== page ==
Wegman et al. did not deny that the hockey stick graph could possibly give a valid indication of the change in temperature over the last millennium – they merely denied that this graph was adequately supported by Mann et al.’s original statistical analysis. In this context part of Professor Wegman’s oral testimony before the House committee on Energy and Commerce is revealing: “I am baffled by the claim that the incorrect method doesn’t matter because the answer is correct anyway. Method wrong + Answer correct=Bad science.” (It has been argued that the Wegman committee merely showed that Mann et al.’s analysis could produce spurious results, not that it actually did).

At any case for the wider community the basic question was not about Mann et al.s competence as statisticians, it was whether the hockey stick graph gives a reasonably correct indication of the change in temperature over the last millennium. We saw that the answer of the North-committee was that this was ‘plausible’ and that the idea was at any case supported by a whole array of evidence from other authors, also those using other statistical methods than Mann et al. The answer of the Wegman-committee contained nothing that is at odds with this conclusion.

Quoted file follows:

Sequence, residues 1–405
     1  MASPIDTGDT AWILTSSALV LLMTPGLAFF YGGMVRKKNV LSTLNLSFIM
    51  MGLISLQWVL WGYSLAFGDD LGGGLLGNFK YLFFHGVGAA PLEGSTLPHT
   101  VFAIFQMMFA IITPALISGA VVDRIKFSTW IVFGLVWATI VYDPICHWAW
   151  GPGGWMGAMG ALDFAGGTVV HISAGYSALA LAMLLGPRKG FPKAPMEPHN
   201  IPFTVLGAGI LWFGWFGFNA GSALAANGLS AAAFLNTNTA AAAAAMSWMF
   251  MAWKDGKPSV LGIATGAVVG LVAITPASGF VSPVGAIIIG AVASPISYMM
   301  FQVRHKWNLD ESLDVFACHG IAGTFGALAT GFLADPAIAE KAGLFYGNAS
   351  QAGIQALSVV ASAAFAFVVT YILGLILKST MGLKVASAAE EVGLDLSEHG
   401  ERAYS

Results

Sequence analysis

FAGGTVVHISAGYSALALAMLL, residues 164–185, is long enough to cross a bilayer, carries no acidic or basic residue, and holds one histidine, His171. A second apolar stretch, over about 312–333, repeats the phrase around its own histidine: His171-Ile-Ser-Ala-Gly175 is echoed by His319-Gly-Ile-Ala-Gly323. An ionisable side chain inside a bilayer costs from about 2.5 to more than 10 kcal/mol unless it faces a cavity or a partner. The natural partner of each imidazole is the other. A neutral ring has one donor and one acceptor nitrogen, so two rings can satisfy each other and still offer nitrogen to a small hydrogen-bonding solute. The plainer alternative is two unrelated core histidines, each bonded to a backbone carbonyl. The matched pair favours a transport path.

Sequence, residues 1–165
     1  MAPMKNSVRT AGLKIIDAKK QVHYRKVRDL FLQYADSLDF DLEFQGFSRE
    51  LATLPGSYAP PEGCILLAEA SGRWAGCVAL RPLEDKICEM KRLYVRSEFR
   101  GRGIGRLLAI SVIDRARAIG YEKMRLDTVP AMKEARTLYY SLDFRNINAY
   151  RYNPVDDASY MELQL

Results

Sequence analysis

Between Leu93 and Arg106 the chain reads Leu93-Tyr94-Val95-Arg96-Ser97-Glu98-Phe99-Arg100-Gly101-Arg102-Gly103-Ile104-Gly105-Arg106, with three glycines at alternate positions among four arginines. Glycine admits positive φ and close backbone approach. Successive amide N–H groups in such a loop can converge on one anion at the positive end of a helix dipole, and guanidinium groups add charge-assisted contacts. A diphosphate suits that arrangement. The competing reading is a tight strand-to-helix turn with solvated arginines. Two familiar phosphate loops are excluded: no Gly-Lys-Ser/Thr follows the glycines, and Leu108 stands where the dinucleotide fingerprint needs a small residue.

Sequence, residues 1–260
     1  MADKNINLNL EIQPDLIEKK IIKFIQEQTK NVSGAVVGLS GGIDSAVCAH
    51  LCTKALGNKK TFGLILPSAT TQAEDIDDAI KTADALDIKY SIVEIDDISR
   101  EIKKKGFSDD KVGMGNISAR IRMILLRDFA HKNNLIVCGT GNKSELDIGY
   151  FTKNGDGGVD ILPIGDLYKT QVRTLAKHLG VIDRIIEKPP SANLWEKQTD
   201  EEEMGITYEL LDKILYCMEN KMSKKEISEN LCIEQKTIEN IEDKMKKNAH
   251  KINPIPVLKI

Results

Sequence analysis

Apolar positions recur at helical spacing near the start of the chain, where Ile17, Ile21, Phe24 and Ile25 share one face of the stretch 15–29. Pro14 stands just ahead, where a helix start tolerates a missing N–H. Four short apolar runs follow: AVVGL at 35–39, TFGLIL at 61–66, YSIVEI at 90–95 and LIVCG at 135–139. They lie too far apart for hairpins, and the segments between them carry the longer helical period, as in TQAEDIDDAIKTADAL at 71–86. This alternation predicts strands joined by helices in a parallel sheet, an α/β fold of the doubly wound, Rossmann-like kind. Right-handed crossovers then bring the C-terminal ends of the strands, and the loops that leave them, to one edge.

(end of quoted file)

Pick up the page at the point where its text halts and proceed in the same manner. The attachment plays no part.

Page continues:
Press reactions:

After the release of the first report reputable newspapers such as the New York Times and the Boston Globe concluded that the hockey stick graph had been vindicated. The NYT of 22nd June said: “A controversial paper asserting that recent warming in the Northern hemisphere was probably unrivaled for 1,000 years was endorsed today, with a few reservations, by a panel convened by the nation’s pre-eminent scientific body”. The Boston Globe said a day later: “A signature piece of evidence for global warming – a compilation of data showing that a sharp rise in temperatures made the late 20th century the warmest period in 1,000years – is probably true, a national panel of scientific specialists concluded yesterday.”